Skip to main content

Not-So-Harmless Chats — MS Teams Used To Distribute Malware

Why Inherent Trust Of Microsoft Teams Isn’t Such A Great Idea!

May 19, 2022

By Rodman Ramezanian - Enterprise Cloud Security Advisor

According to reporting from Bleeping Computer, threat actors are ramping up their efforts against Microsoft Teams for malware distribution by planting malicious documents in chat threads, ultimately resulting in victims executing Trojans that hijack their corporate systems.

Traditionally, hackers have focused their targets on Microsoft’s universal document and sharing suites – Office and its cloud-based Office 365 – with attacks against individual apps, such as Word, Excel, and others.

Now, thanks to its tremendous adoption surge since COVID-19 (much like many other SaaS applications), Microsoft Teams continues to be an exceedingly prevalent attack surface. As many organizations’ employees continue working remotely, the reliance on Microsoft Teams to collaborate is stronger than ever before. According to market insights from Statista, the number of daily active users of Teams nearly doubled from 2020 to 2021, with reports from Microsoft now claiming 270 million monthly active users as of January 2022.

With successful spear-phishing and business email compromise attacks being amplified by lackluster security authentication methods, threat actors gain access to corporate Microsoft 365 accounts that, in turn, grant them access to inter-organizational applications, chats, files, and directories.

From there, sending Trojan-loaded files via Teams chat messages take very little effort, and thus result in user execution. Unfortunately, disaster then ensues with the commandeering of the user’s system.

Why Do These Breaches Occur?

Spear-phishing and BEC attack vectors are nothing new (which does not excuse lenient security practices), and users are typically cautious of data received over email – thanks to internal email phishing awareness trainings. Most, however, tend to exhibit little caution or doubt about files received over a private and corporate chat platform; particularly with seemingly innocent attachments named “User Centric.” At that point, “the user is the weakest link” as the saying goes, and thus provides the threat actor with the foothold he/she needs to administer control of the system. Sadly, MS Teams’ limited native protections exacerbate these types of attacks.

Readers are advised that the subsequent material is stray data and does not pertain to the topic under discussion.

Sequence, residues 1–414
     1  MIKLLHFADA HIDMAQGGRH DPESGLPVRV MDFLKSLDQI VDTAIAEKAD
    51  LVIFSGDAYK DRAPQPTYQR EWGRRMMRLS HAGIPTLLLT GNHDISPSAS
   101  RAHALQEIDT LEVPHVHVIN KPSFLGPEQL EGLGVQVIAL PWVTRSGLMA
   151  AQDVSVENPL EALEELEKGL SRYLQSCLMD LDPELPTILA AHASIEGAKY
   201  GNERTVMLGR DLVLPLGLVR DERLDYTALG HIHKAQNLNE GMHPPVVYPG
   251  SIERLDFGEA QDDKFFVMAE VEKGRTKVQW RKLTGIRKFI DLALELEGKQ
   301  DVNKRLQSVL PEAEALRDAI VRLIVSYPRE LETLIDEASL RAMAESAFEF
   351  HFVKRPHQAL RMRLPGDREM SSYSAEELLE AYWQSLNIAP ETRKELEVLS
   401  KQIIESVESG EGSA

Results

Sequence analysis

What Can Be Done?

  • User awareness training is always essential when facing matters involving phishing and business account compromises.
  • Mandating use of multi-factor authentication is also vital to help prevent account hijacking.
  • Unfortunately, these alone may not be enough to protect users against very convincing attacks.
  • Admittedly, Microsoft Teams itself isn’t exactly feature-rich when it comes to screening messages and files for malicious content.
  • For this reason, it is highly recommended to utilize a security platform that unifies malware protection, data loss prevention, behavioral analytics, and collaboration control not only for Teams, but also for all other Microsoft 365 services, such as Sharepoint and OneDrive, that can typically facilitate account compromises in the first place.

Use Skyhigh Security?

Rodman Ramezanian

About the Author

Rodman Ramezanian

Enterprise Cloud Security Advisor

With over 11 years’ worth of extensive cybersecurity industry experience, Rodman Ramezanian is an Enterprise Cloud Security Advisor, responsible for Technical Advisory, Enablement, Solution Design and Architecture at Skyhigh Security. In this role, Rodman primarily focuses on Australian Federal Government, Defense, and Enterprise organizations.

Rodman specializes in the areas of Adversarial Threat Intelligence, Cyber Crime, Data Protection, and Cloud Security. He is an Australian Signals Directorate (ASD)-endorsed IRAP Assessor – currently holding CISSP, CCSP, CISA, CDPSE, Microsoft Azure, and MITRE ATT&CK CTI certifications.

Candidly, Rodman has a strong passion for articulating complex matters in simple terms, helping the average person and new security professionals understand the what, why, and how of cybersecurity.

Attack Highlights

  • Threat actors hijack corporate Microsoft 365 accounts via spear-phishing and/or business email compromise attacks
  • Account credentials are then used to infiltrate Microsoft user accounts and apps (MS Teams)
  • Hackers begin to drop malicious executable files in conversations on Microsoft Teams, labelled as “User Centric” to trick end users
  • Once executed, the malware writes data into the system’s registry, installs DLLs, and establishes persistence on the Windows machine
  • Detailed information is collected about the operating system and hardware it runs on, along with the security state of the machine based on OS version and patches installed
  • As a result, threat actor gains full access to enduser system